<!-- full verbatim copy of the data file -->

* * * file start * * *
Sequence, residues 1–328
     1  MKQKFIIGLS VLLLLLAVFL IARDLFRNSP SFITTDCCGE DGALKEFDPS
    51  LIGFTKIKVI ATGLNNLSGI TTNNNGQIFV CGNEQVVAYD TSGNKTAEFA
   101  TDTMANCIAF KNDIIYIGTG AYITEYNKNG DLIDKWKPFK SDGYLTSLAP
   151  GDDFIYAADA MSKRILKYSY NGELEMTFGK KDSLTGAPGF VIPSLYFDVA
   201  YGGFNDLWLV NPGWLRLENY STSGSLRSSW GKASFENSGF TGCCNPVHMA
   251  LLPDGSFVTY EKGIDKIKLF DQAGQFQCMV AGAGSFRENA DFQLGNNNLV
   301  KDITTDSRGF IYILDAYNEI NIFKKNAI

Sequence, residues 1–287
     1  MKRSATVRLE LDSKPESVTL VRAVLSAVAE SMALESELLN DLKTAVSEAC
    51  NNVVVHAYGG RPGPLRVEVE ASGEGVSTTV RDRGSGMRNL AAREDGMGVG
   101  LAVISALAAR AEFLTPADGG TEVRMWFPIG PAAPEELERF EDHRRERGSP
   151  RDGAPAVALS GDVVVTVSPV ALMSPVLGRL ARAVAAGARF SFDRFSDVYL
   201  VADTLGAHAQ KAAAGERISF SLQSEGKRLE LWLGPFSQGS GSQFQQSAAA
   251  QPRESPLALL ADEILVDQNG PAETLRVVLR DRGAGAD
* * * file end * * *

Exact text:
Sequence, residues 1–328
     1  MKQKFIIGLS VLLLLLAVFL IARDLFRNSP SFITTDCCGE DGALKEFDPS
    51  LIGFTKIKVI ATGLNNLSGI TTNNNGQIFV CGNEQVVAYD TSGNKTAEFA
   101  TDTMANCIAF KNDIIYIGTG AYITEYNKNG DLIDKWKPFK SDGYLTSLAP
   151  GDDFIYAADA MSKRILKYSY NGELEMTFGK KDSLTGAPGF VIPSLYFDVA
   201  YGGFNDLWLV NPGWLRLENY STSGSLRSSW GKASFENSGF TGCCNPVHMA
   251  LLPDGSFVTY EKGIDKIKLF DQAGQFQCMV AGAGSFRENA DFQLGNNNLV
   301  KDITTDSRGF IYILDAYNEI NIFKKNAI

Sequence, residues 1–287
     1  MKRSATVRLE LDSKPESVTL VRAVLSAVAE SMALESELLN DLKTAVSEAC
    51  NNVVVHAYGG RPGPLRVEVE ASGEGVSTTV RDRGSGMRNL AAREDGMGVG
   101  LAVISALAAR AEFLTPADGG TEVRMWFPIG PAAPEELERF EDHRRERGSP
   151  RDGAPAVALS GDVVVTVSPV ALMSPVLGRL ARAVAAGARF SFDRFSDVYL
   201  VADTLGAHAQ KAAAGERISF SLQSEGKRLE LWLGPFSQGS GSQFQQSAAA
   251  QPRESPLALL ADEILVDQNG PAETLRVVLR DRGAGAD